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Somehow I knew that:)

I've had the dash apart when I did the 5 gauge pod and part of the console and rear seat out when I did the heated rear seats and dual fuel pumps.
Still might tackle trying to get the roof and rear seating area quieter though.
Your project definitely has my attention.
Do you have a thread and/or pics as it relates to the rear heated seats you did? Did you use OEM or aftermarket parts?
 

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Discussion Starter #62
Oh for the love of god, don't give me any more ideas! LOL :D

That caught my eye as well.
 

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Discussion Starter #63
So, this is the amp I was thinking of getting. It's got 5 channels at 100Wx 4 (Speakers are 100W RMS) and the sub channel is capable of a 1-Ohm load. The amp is rated at 600W @ 1-Ohm and since I got DVC Subs, I can wire them in such configuration. :D

600W is 120% RMS rating, so it checks the 75-150% box. :) I can adjust the levels if it's too much.

It's got speaker level inputs. I just have to cut the harnesses that come with it and splice.

 

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Check out Stevens thread on the board.
Its about 2 years old he gutted his G8 also and re-wired it, don't remember how much sound proofing he did but he used a Fosgate amp, maybe the same one and re-placed all the speakers, sorry don't remember the brand, also went to mirroring for the screen.
I've seen and heard his work....the sound proofing is good but the music blocks out everything and then some, boy it was loud!!!!
 

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Discussion Starter #65
Check out Stevens thread on the board.
Its about 2 years old he gutted his G8 also and re-wired it, don't remember how much sound proofing he did but he used a Fosgate amp, maybe the same one and re-placed all the speakers, sorry don't remember the brand, also went to mirroring for the screen.
I've seen and heard his work....the sound proofing is good but the music blocks out everything and then some, boy it was loud!!!!
I'll look for that..

I'm still thinking of pairing this with a LOC like an AudioControl LCQ-1... but I'm just not sure. Anyways, I need to go to bed before I actually spend money...... :D
 

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Do you have a thread and/or pics as it relates to the rear heated seats you did? Did you use OEM or aftermarket parts?
It's buried in the Stereo/Electronics section. If I remember correctly, I did it in 2012. Search "heated rear seats" and it should pop right up.
 

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Discussion Starter #68 (Edited)
Removing the floor is actually not all that hard. You have some perforated parts of the carpet to cut. The yellow one is easy to cut with a razor. The red line marks the start of the other, and I used a recip saw blade to cut. The actuator ducting is sort of in the way. There is a third hidden in the back that I couldn't get to, so I cut another spot that is easily reparable.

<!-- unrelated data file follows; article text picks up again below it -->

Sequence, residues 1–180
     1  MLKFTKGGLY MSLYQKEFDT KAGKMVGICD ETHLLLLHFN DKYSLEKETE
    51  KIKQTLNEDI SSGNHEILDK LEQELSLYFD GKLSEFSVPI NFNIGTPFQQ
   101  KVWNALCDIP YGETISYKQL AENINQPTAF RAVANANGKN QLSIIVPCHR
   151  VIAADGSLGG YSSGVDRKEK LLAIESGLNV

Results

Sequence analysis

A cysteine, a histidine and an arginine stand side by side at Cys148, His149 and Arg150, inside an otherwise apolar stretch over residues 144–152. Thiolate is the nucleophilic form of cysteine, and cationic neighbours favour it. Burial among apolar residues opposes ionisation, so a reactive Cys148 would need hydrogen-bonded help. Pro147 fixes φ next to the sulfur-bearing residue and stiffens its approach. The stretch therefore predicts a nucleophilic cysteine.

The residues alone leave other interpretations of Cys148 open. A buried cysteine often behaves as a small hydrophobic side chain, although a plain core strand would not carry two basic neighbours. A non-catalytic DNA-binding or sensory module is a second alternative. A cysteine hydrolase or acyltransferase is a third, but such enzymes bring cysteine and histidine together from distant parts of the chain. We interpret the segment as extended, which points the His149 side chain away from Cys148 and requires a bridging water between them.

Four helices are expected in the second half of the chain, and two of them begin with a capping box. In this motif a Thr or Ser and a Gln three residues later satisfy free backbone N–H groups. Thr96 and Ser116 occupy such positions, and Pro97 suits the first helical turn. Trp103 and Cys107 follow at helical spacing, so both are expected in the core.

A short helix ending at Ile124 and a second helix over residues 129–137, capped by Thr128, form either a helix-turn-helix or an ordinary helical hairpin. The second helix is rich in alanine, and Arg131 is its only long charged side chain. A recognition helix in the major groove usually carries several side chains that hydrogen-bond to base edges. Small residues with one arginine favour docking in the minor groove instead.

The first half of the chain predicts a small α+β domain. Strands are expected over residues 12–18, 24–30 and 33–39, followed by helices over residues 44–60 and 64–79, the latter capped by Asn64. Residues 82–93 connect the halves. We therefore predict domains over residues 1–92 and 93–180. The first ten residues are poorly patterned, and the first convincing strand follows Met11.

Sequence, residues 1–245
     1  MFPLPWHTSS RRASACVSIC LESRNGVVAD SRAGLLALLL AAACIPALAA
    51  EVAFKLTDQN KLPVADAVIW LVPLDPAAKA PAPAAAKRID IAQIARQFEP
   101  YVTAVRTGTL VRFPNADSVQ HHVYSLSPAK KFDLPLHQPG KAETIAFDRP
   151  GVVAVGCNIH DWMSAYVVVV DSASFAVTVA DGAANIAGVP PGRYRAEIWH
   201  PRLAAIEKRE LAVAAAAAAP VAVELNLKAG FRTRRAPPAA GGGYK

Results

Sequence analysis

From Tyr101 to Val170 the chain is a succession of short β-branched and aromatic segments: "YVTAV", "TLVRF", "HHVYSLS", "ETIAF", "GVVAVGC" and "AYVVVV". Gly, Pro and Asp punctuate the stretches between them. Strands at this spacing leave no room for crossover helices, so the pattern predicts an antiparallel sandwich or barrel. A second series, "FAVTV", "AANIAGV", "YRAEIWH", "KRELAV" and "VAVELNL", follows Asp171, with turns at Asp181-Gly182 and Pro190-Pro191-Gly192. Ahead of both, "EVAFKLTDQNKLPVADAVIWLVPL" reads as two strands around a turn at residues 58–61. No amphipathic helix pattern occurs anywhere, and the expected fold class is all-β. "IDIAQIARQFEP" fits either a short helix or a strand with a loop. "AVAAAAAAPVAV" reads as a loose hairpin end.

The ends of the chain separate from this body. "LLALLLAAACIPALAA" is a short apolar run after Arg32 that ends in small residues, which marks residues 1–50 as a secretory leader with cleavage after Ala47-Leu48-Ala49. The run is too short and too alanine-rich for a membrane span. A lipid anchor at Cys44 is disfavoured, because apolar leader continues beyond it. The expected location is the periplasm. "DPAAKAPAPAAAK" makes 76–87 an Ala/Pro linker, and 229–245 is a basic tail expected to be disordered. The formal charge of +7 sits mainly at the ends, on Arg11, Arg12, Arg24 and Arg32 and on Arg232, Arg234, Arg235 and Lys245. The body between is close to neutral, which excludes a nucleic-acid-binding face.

Then came carpet removal.

Lifting the carpet from the back and folding it over being sure not to catch any wiring harnesses, I pulled it up to the front crossmember (seat rail). The front footwell is where the carpet is attached. I used the wide plastic upholstery tool the scrape since it functioned well as a scraper. I scraped forward until it was entirely separated. You can tell pretty easily when you're done. I actually took this time to get the floor ducts out of the way. I think that was probably unnecessary, because it was hard to reach under there.

There are two plastic push rivets on either side holding these ducts in. Once pulled out the ducts come out fairly easily.

Anyways, once the floor is cut in the right spots, and the glue is separated, you have one plastic holder on either side. There is one in each foot-well on the outside. I'll take a picture later. They are round plastic pieces. They are shaped like washers and you screw them on like a nut... eh.....

Once those are removed, you can remove the carpet. It's a careful process. You have to fold it forward from the back, and then you have access to move it around. You will not find it difficult. This is one of those things where you just use good sense. There is no step by step instruction, just "Remove the carpet." :)

I will say the most delicate part is making sure it clears the shifter handle and cover. Once you do that, you can pull it carefully back to clear the pedals and front well. Just be careful it clears all wiring harnesses. You might have to unplug one or two.

I pulled it clear and removed it from the car. :D



And I said I wasn't gonna remove the carpet.
 

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every village has one
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If you're anything like me, if you hadn't taken the carpet out you'd have thought about it afterward.
You're only going to be in it that deep once, might as well make it count!
 

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Discussion Starter #70
That was precisely my train of thought. I was thinking on my way home that I was going to go out and take a look to see if I could find the perforations that were there for cutting.

Once I found them, I felt confident that I could get it out and later back in. :)

A lot of folks at work and elsewhere just think I'm crazy.... LOL
 

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Good thread! I actually had my headliner reupholstered a couple of weeks ago. While the shop had the headliner out, I installed some of SDS's CLD tiles and HMF... I plan to do full car eventually. At the moment, I have doors, trunk, trunk lid, and now roof, treated with KnuKoncepts KnoKnoise Kolossus (a dynamat-style product with an uncomfortable amount of Ks, but one that was top-rated by a guy who tested 20+ products at DIYMA). I also squirted silicone into any small crevasses between stamped metal pieces that may vibrate together and rattle.

My roof treatment looked like this...




Something to keep in mind with the sound dampening (dynamat, hushmat, whatever brand) is that, if it's good-quality stuff, you really only need 25% coverage of a panel for the most noticeable difference. Anything more and you'll run into diminishing returns where the additional product is not going to add noticeable, proportionate additional performance. This is in response to a couple of posters mentioning using the dynamat-style product in their trunk to reduce noise volume... Not directed at you OP. And as OP has already stated, these products will not/are not designed to reduce road noise, despite what the manufacturer might write on their box. It's to reduce panel vibration/resonance. I know my local custom audio shops don't know what MLV treatment is, so when you go to them for "sound treatment," they charge you two grand and just add a couple hundred pounds of sound dampener. It's a joke.